Animal death continues

Laatste wijziging: maandag 14 mei 2012 om 09:26, 2638 keer bekeken Print dit artikel Bekijk alle nieuws feeds van onze site
maandag 14 mei 2012

Another massive fish-kill reported in southern India's Periyar River

INDIA - For the second time in a week, massive fish deaths were reported from Pathalam belt in river Periyar, triggering alarm and protests.

Dead fish were found in bunches on the banks of river on Saturday morning. The local residents and councillors of Kadungalloor panchayat alerted the district Pollution Control Board officials who came and collected the samples of water and fish. Local residents, fishermen, panchayat members and green activists of Periyar Malineekarana Virudha Samithi (PMVS) blocked the PCB officials when they came to collect the samples, in protest against the negligent attitude of the authorities in checking continuing fish deaths. Later, police arrested the group of protesters led by panchayat members Joshy, Shiney Sajan, Geetha Sunil, Kabeer, Sudha Devi and activists of PMVS, Anwar C.I., Sainudeen Edayar and Mahesh.

According to environmental experts, low level or absence of oxygen is the major reason for the recurring fish deaths in Periyar. A similar incident was reported on last Monday on the banks of river Periyar. Earlier, on May 3, fish deaths were reported on the banks of river Muttar, a tributary of Periyar. As per the report of the Pollution Control Board, the fish deaths were caused by lack of dissolved oxygen in river water and by entry of polluted water containing decayed waste into the river. –Deccan Chronicle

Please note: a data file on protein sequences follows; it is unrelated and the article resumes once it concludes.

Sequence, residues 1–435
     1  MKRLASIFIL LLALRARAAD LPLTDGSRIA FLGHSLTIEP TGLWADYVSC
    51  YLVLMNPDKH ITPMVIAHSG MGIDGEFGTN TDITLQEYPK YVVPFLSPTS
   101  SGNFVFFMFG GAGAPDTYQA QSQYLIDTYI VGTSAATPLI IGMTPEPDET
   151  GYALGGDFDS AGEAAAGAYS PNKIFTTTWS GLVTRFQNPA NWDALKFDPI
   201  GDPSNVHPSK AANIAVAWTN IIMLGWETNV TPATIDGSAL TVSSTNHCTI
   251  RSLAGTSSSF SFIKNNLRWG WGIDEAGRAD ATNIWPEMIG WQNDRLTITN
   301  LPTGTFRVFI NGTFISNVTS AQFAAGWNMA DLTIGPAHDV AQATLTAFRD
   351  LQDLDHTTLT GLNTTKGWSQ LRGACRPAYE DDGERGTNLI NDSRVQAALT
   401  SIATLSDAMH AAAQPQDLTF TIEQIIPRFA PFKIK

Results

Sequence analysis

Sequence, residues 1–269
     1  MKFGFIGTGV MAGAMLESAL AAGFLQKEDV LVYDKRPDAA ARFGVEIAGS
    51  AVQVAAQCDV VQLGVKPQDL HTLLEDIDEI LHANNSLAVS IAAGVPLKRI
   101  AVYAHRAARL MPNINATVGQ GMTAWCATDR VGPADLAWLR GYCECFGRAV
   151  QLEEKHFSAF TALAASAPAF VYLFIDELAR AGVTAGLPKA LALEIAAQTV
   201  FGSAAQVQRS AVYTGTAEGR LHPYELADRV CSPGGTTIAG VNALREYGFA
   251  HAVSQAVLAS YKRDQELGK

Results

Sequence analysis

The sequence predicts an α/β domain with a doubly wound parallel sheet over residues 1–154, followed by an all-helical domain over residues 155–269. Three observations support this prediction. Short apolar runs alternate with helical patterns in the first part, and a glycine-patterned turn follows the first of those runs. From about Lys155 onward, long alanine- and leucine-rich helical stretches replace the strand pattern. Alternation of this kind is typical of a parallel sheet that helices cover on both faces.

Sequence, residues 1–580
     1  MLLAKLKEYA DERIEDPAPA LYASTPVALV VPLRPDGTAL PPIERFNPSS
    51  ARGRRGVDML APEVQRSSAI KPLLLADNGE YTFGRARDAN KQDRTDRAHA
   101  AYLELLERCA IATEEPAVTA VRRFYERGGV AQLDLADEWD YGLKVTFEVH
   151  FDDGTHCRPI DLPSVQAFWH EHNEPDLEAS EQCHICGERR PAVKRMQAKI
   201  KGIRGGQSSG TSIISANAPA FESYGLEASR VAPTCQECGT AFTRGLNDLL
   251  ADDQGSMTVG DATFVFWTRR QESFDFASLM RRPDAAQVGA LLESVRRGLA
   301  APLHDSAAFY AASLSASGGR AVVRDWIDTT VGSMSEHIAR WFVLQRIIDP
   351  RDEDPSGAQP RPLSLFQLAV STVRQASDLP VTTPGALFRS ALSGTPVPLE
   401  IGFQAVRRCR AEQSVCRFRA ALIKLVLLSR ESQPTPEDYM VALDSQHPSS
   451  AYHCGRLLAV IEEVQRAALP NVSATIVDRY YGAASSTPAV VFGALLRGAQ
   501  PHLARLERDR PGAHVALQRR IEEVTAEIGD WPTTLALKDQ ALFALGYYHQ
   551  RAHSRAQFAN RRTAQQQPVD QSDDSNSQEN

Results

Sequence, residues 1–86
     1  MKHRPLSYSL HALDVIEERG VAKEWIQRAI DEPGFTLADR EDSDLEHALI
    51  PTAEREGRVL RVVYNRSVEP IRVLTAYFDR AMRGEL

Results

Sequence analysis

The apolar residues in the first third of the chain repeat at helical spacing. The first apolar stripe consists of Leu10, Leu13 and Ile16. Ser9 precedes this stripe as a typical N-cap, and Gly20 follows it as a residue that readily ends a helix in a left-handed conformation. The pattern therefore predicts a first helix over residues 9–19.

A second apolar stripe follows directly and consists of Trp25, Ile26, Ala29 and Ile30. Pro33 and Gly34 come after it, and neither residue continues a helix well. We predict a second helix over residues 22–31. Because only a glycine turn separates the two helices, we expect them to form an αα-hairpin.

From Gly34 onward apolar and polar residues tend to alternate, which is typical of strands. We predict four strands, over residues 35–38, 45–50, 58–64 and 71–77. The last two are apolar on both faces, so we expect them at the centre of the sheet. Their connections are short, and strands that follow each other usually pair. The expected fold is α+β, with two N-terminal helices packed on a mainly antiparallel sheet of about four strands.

Two thousand dead birds found along 6 km stretch of Chilean beach

CHILE – About 2,000 birds were found dead on beaches in central Chile, a natural history museum director said Friday, accusing fishermen of snagging them in their nets and letting them drown. CNN reports the number of dead birds could be as high as 2300. “It’s a horrible scene. They are spread across some six kilometers (four miles) of beach” around the coastal city of Santo Domingo, San Antonio natural history and archeology museum director Jose Luis Brito told UCV radio.

Most of the birds are gray petrels, but there are also pelicans, gannets and Guanay cormorants. Brito accused fishermen of “doing nothing when birds get caught up in their nets, and leaving them to drown before throwing the bodies back into the sea.” The museum said it would file a complaint to police over the dead birds. About 100 bird carcasses were found on central beaches on Sunday. Thousands of dolphins and maritime birds, including many pelicans, have been found dead in neighboring Peru in recent weeks. Environmental groups blamed oil exploration work, but Peru’s deputy environment minister Gabriel Quijandria, disputed the claim and said warming waters, which disturbs food supplies, was a possible cause. –Physics

Bron: theextinctionprotocol

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